An artist of epic proportions, Bruce Cockburn performs at Eugene’s “WOW” Hall.

Canadian folk/rock guitarist and singer-songwriter Bruce Cockburn (pronounced “Co-Burn”) performed before a full house of fans and music lovers at Eugene’s WOW Hall Tuesday night, chatting briefly between songs and playing a wide variety of selections from his 40-year career and substantial catalogue of work.

He opened the show with “Grim Travelers,” from his 1980 “Humans.” With 24 studio albums to his credit, his most recent release is the 2011 “Small Source of Comfort” from which he played several songs including “Call Me Rose,” “Bohemian 3-Step” and the deep and colorful “Iris of the World.” Tuesday night’s performance was filled with superb guitar prowess, fine storytelling and friendly audience interactions – including one fan who jokingly asked, “Do you give guitar lessons?”

Bruce Cockburn

Bruce Cockburn on stage at Eugene’s WOW Hall. Photo credit: Cynthia Orlando

About Bruce Cockburn: Musical Awards and Highlights

Originally from Ottawa, Ontario, Canada, Cockburn took up guitar at the age of 14. His first solo appearance was in 1967 at the Mariposa Folk Festival. Though his music had been popular in Canada for many years, his career finally kickstarted in the U.S. with the release of his 1979 “Dancing in the Dragon’s Jaws,” which featured his stellar, popular, oft-requested “Wondering Where the Lions Are.”

Cockburn has toured the world and travelled extensively in both the U.S. and Canada. In 1998, he received a Governor General’s Performing Arts Award for Lifetime Artistic Achievement, Canada’s highest honor in the performing arts. Cockburn is the recipient of 15 Juno awards, and on March 5, 2001, during the 30th Annual Juno Awards ceremony, he was inducted into the Canadian Music Hall of Fame.

A social activist, Cockburn has a passion for human rights, political causes and spirituality. His personal travels have taken him to such diverse and distant destinations as Nepal, Vietnam, and Baghdad. He’s campaigned about banning land mines and supported a multitude of worthy causes, including Amnesty International and Oxfam.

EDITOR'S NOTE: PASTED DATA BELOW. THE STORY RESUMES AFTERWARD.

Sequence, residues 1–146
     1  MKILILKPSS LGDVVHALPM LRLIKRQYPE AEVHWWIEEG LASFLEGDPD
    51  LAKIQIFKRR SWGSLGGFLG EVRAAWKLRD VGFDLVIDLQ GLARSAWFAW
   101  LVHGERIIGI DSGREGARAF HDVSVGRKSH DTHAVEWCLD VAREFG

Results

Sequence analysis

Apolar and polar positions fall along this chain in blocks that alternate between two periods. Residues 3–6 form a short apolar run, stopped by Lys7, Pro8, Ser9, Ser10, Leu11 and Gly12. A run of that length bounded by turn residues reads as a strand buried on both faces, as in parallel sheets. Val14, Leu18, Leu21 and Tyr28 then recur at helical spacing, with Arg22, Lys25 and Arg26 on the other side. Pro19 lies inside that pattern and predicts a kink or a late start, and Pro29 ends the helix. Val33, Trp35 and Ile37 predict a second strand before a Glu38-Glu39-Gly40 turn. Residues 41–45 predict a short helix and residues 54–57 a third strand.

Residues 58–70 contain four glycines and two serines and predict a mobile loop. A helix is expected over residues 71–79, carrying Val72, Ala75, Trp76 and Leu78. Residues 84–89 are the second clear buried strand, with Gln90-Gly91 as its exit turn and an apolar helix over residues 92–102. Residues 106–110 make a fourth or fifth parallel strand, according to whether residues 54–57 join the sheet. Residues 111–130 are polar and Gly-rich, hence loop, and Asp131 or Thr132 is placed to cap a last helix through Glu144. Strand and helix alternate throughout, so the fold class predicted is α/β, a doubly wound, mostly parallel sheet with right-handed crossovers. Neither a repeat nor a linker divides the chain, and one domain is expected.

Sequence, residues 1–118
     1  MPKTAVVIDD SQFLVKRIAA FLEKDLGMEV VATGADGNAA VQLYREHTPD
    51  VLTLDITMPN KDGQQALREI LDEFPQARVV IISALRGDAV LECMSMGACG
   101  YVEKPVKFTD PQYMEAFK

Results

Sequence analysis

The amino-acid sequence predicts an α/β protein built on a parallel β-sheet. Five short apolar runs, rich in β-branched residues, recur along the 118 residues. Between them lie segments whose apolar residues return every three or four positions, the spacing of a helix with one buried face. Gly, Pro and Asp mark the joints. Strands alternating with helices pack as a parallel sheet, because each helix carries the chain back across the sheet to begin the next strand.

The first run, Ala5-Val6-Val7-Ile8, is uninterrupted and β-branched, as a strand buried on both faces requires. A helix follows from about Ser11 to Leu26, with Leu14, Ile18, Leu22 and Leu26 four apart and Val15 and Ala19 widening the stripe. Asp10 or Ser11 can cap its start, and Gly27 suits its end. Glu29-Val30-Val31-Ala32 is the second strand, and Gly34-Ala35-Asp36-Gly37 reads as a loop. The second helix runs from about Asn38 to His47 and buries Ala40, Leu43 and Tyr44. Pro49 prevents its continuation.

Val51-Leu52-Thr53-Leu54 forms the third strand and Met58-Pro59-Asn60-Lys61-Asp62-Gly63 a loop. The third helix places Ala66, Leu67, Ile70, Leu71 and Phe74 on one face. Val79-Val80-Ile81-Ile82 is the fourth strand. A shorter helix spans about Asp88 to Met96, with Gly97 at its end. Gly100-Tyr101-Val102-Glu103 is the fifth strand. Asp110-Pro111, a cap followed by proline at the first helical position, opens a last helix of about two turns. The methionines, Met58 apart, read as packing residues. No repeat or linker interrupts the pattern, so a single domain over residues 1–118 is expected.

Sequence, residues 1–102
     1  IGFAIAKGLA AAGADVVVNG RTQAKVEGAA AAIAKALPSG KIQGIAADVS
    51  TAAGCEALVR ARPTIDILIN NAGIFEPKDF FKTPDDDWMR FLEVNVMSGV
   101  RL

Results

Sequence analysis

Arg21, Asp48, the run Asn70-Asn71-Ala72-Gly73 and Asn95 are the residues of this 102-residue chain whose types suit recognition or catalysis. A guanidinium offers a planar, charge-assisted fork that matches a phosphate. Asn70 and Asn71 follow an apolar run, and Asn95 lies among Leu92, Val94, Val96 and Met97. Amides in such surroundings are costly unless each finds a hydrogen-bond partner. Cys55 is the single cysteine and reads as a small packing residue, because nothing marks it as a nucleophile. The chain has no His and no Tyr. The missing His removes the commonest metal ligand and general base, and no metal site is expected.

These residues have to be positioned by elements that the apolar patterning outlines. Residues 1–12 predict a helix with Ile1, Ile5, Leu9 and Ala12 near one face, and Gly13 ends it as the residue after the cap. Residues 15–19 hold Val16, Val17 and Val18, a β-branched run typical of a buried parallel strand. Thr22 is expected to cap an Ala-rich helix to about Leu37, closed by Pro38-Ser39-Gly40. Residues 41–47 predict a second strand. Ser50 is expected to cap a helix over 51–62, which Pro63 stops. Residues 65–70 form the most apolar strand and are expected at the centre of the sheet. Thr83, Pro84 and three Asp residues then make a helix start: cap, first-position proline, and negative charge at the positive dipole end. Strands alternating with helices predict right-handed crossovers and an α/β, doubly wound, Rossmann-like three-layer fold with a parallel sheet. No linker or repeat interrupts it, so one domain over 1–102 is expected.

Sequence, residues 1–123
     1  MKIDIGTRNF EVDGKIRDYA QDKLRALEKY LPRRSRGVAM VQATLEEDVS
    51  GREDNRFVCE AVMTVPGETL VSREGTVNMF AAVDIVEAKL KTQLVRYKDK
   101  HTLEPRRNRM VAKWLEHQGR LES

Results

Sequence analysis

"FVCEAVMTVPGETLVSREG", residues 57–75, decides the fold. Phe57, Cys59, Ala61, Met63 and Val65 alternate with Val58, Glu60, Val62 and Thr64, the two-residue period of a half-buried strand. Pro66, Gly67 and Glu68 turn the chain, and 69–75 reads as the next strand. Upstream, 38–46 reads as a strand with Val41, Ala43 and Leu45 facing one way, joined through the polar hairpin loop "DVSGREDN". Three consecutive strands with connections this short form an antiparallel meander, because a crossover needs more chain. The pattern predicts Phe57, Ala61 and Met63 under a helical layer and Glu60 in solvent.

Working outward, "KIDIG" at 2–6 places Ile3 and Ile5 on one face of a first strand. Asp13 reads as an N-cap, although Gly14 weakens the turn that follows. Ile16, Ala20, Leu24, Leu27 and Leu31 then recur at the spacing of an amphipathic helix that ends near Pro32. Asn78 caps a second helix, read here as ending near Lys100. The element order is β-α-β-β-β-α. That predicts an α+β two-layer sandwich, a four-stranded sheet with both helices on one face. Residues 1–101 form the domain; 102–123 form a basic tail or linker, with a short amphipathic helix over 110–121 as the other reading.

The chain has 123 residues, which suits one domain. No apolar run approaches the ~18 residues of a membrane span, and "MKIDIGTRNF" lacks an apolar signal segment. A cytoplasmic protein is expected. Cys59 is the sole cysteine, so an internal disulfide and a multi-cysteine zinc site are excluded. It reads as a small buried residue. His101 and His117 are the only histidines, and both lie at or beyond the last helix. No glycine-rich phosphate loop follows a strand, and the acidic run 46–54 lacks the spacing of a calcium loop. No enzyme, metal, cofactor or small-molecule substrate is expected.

His fingerpicking and left-hand work are fast and smooth. Have a listen to “Train in the Rain,” or “Sunrise on the Mississippi,” both from “Speechless.”

Memorable Takeaway Moments

Cockburn’s concert Tuesday night lasted more than two hours without an empty seat in the house. Adoring fans sat in rapt attention giving hearty applause after each selection and only calling out requests at the end of the show.

Peak moments? A stunning performance of “The End of All Rivers,” and his heart-wrenching “Stolen Land,”from the 1987 “Waiting for a Miracle.”

End of All Rivers

A warm and wonderful audience sing-a-long during “Lions,” with no prompting required, was another musical keepsake, as was a passionate performance of “If I Had a Rocket Launcher” following the show’s intermission. In 2009 Cockburn performed the anti-war anthem in Afghanistan while visiting his brother, Capt. John Cockburn, and playing a concert for Canadian troops. It stands the test of time.

As could only be expected from a show of this caliber, a standing ovation ensued at evening’s end. Cockburn returned to the stage to perform both his reflective “Pacing the Cage” and his rollicking “Tie Me at the Crossroads.”

His upcoming tour stops include Napa, CA, San Juan Capistrano, Los Angeles and San Francisco. If he comes to your town, don’t miss him.

Cynthia Orlando
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